Though not a household name today, in her day Elizabeth Patterson Bonaparte was a celebrity thanks largely to her brief marriage to Napoleon Bonaparte's youngest brother Jérôme. Yet Elizabeth was a remarkable woman in her own right: the daughter of a wealthy Maryland merchant, she became a successful businesswoman and socialite. Though her efforts to establish the status of her son, Jérôme Napoleon, within the Bonaparte line ultimately met with failure, she nonetheless enjoyed the status that came from her association with the family and succeeded in ensuring that her son and his children were accepted as members of it.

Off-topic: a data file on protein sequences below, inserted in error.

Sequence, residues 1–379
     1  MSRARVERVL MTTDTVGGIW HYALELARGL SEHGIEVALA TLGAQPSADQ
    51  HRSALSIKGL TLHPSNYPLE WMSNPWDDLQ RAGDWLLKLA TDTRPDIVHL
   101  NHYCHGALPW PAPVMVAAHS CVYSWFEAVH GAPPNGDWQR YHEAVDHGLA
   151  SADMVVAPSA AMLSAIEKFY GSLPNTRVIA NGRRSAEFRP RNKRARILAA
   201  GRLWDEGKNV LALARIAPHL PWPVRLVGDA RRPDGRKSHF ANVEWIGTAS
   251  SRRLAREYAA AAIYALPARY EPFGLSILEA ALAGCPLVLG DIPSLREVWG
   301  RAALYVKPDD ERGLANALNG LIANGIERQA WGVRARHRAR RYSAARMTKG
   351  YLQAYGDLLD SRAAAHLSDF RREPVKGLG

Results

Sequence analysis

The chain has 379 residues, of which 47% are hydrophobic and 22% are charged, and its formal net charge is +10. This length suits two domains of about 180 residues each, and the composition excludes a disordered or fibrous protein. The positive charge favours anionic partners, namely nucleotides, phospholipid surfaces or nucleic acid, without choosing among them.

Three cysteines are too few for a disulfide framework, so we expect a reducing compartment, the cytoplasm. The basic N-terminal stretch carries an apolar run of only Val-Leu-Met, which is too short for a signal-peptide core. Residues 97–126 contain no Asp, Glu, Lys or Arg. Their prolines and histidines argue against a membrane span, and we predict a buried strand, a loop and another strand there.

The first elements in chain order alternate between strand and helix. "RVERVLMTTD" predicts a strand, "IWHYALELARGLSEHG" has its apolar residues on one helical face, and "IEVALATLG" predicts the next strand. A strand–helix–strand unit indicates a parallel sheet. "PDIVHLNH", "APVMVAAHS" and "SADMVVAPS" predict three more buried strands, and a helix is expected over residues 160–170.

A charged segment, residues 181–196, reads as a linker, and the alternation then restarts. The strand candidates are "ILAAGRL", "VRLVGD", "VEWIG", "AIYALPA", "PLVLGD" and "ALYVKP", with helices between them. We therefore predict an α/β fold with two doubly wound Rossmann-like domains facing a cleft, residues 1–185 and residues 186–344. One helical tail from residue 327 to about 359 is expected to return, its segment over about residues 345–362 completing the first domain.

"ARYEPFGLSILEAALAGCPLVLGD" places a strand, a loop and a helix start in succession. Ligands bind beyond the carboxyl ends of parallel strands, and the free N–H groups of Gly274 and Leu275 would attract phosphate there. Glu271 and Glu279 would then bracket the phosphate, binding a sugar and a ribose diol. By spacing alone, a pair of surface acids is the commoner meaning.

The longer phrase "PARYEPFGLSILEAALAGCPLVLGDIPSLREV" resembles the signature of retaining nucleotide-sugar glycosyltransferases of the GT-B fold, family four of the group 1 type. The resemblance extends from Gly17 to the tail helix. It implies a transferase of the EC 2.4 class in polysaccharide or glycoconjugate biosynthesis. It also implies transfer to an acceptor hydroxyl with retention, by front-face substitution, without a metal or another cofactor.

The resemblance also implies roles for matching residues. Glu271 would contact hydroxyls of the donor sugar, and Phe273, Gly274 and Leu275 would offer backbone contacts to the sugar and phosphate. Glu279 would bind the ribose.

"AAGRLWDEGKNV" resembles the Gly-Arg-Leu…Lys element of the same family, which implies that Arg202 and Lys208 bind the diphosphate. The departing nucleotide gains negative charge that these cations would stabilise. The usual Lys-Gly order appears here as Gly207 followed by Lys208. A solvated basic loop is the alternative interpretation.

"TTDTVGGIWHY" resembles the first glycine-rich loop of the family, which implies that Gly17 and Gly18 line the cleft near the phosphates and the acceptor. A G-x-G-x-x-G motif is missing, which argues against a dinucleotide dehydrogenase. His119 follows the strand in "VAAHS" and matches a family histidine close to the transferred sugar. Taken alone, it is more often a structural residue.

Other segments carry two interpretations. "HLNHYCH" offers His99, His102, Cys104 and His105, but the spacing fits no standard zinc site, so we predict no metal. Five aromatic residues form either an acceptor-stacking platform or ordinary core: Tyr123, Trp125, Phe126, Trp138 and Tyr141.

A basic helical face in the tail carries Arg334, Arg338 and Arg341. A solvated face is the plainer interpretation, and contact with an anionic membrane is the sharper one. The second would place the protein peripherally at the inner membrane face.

As the chief curator of the Maryland Historical Society, Alexandra Deutsch is in charge of the collection of artifacts donated by Elizabeth's family to the organization after her death. Her book is not a traditional cradle-to-grave biography of Elizabeth but a detailed study of key aspects of it that uses her possessions to illustrate her interests and how she lived her life. Deutsch uses these items to tell the story of a woman of great ambition and taste who took considerable pride in her association with the Bonapartes and worked to ensure that both she and her son and grandchildren were able to live the lives due to them because of it. Ultimately this required Elizabeth to develop her own acumen as an investor and property owner, and she built up the fortune enjoyed by her son and grandchildren through prudence and good advice. It's a remarkable story that Deutsch tells well, aided throughout the book by a generous number of color photographs of Elizabeth's many possessions that illustrate her points. The result is a work that does credit to Elizabeth Patterson Bonaparte and her many achievements, revealing just how much one woman's possessions can tell us about the fascinating life she led.